Highs make me want to sleep also. With kids you sure don't have this option! Better to keep moving anyway & bet you never stop for a moment.
Ok, for starters you need to find out your correction ratio--how many units of Humalog lowers BG how many points. This way when you have high BG you'll know how to lower it to your target BG. Since you know your insulin:carb ratio, you'll take that to cover the meal in addition to a correction dose. Like everything else, this is an individualized thing. I use Apidra. One unit of Apidra lowers me 60 pts. I'm a small person. There was a discussion you can look at to see other people's correction ratios for different rapid acting insulin. It's going to be trial & error. Next time you're high & take Humalog & record your dose & before & after readings. Test at 1 hour, 1.5 hours & 2 hours to learn how much Humalog lowers you & in what length of time. Start slowly so you don't go low.
Fasting:what your BG is when you wake up & before you eat.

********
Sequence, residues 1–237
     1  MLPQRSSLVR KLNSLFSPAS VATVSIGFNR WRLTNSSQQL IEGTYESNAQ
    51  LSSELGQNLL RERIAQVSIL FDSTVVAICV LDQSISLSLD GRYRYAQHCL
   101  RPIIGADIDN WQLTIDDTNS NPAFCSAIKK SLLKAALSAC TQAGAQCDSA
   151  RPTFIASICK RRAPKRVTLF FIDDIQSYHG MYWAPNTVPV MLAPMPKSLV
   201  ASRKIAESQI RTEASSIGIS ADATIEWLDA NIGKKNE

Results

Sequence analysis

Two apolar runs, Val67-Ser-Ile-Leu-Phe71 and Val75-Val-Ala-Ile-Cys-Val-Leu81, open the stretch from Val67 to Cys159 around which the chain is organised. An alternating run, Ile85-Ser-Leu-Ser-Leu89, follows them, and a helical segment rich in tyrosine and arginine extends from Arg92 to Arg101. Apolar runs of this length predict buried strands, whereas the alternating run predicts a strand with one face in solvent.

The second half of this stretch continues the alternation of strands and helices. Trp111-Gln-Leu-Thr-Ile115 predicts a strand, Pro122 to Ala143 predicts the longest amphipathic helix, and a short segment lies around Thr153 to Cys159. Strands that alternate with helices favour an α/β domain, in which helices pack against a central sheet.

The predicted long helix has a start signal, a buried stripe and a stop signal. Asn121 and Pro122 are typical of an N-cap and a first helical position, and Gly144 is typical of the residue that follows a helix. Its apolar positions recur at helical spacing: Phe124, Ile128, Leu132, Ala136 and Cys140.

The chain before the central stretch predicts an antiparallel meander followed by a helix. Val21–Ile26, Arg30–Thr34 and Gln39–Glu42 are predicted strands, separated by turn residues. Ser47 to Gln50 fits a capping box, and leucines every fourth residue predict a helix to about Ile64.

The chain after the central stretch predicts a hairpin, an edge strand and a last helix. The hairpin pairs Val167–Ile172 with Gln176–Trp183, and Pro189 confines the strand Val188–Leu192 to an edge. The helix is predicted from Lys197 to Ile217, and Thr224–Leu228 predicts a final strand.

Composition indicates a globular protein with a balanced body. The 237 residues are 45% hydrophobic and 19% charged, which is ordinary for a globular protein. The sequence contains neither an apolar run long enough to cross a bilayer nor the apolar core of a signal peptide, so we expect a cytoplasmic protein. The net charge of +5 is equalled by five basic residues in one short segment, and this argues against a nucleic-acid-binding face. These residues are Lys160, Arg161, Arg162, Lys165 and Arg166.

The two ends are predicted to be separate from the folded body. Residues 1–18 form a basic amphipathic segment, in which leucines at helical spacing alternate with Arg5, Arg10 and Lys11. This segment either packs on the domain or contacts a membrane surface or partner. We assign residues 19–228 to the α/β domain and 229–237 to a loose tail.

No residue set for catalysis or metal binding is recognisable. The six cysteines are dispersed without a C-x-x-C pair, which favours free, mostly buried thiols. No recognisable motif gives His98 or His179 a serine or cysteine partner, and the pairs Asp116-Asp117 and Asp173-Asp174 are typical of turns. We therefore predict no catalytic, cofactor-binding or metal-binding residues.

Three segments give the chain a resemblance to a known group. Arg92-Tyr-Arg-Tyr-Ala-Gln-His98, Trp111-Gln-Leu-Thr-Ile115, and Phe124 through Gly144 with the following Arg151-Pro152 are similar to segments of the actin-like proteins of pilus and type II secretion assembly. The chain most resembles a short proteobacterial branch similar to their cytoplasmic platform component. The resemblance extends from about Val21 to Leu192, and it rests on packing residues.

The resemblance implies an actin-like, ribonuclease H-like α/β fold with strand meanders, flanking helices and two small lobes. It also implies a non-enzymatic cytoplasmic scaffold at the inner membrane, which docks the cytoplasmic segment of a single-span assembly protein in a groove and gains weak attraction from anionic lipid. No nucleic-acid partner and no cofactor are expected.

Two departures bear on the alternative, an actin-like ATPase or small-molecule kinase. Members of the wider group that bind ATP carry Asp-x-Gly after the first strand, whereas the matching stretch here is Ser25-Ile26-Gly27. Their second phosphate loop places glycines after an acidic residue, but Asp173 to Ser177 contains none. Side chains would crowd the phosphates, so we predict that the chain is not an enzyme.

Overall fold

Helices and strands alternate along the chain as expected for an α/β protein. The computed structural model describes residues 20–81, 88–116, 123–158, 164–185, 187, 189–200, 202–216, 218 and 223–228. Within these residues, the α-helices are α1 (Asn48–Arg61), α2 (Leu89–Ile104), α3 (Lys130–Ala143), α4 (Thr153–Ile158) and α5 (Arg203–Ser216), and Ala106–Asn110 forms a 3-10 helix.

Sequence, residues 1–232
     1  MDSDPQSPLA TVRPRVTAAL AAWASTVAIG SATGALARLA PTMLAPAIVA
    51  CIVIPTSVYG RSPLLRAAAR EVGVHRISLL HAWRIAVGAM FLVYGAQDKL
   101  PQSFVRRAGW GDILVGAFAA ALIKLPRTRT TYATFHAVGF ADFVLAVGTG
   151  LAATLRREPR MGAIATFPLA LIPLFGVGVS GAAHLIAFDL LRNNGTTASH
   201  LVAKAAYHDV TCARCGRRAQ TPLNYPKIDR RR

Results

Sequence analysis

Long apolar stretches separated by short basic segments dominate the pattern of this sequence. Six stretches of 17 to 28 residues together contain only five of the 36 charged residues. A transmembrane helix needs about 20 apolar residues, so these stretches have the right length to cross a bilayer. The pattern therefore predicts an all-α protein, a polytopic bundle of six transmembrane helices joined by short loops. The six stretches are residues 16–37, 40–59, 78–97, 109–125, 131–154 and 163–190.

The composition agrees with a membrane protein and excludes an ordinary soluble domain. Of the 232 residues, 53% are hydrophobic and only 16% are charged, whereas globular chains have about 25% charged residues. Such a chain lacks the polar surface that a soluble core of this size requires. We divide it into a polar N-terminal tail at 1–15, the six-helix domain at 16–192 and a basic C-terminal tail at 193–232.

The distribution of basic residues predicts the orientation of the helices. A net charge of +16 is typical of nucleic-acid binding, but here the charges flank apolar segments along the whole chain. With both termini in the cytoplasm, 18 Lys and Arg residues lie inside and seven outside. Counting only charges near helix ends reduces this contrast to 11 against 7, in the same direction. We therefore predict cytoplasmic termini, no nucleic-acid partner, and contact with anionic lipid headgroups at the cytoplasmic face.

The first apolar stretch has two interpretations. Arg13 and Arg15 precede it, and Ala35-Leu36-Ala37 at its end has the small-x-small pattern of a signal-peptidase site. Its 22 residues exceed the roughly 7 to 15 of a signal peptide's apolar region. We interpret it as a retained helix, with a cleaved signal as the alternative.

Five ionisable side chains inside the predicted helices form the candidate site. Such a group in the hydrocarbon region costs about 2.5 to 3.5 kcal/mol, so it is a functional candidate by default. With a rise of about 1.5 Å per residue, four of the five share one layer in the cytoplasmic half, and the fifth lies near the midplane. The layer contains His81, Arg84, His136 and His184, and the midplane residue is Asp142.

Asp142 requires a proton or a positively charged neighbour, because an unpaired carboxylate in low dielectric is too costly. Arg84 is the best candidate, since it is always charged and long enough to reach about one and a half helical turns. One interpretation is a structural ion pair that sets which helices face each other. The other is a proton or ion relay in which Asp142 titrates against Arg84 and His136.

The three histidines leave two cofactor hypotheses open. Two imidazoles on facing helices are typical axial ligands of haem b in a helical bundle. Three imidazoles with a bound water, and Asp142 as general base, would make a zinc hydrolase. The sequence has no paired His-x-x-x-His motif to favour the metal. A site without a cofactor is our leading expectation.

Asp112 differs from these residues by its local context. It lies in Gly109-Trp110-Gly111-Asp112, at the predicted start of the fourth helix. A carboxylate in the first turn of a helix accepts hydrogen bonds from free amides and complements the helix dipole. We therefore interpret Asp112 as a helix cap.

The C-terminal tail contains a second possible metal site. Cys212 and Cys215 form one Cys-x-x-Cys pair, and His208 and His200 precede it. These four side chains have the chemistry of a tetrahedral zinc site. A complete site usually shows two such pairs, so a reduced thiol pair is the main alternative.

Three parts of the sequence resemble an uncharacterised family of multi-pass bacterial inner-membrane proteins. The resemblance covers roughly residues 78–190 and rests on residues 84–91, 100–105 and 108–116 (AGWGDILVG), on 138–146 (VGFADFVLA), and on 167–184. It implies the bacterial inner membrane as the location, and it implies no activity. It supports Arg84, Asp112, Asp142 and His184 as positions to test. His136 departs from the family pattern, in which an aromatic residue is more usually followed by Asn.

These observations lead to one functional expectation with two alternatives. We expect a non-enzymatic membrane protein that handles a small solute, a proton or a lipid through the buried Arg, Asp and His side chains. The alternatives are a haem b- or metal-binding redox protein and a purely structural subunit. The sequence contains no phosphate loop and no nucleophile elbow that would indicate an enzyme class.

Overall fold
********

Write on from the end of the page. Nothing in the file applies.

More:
With dawn phenonmenon your BG will continue to rise if you don't eat. Test, inject & eat as soon as you can after waking. Not easy with little ones, but you have to take care of yourself to take care of them. Don't skip meals:) Eat a high protein breakfast that's very low carb. This helps the dawn phenomenon spikes & you won't be starving by lunch. Caffeine in coffee causes BG to rise for many.
Don't just double your dose for the "bad" meals. Count the carbs & use your same 1:15 ratio (or hormonal ratio). Keep logs of doses & readings. You may need to raise or lower your ratios, esp for different meals.
Stress, whatever the cause, causes BP & BG to rise.
If the sugar free food contains sorbitol, manitol, etc (any sugar substitue ending in "tol"), these are sugar alcohols. Some people experience BG spikes from sugar alcohols & you may be one. Of course, there are carbs in these foods also, so if you over-do it they will effect you.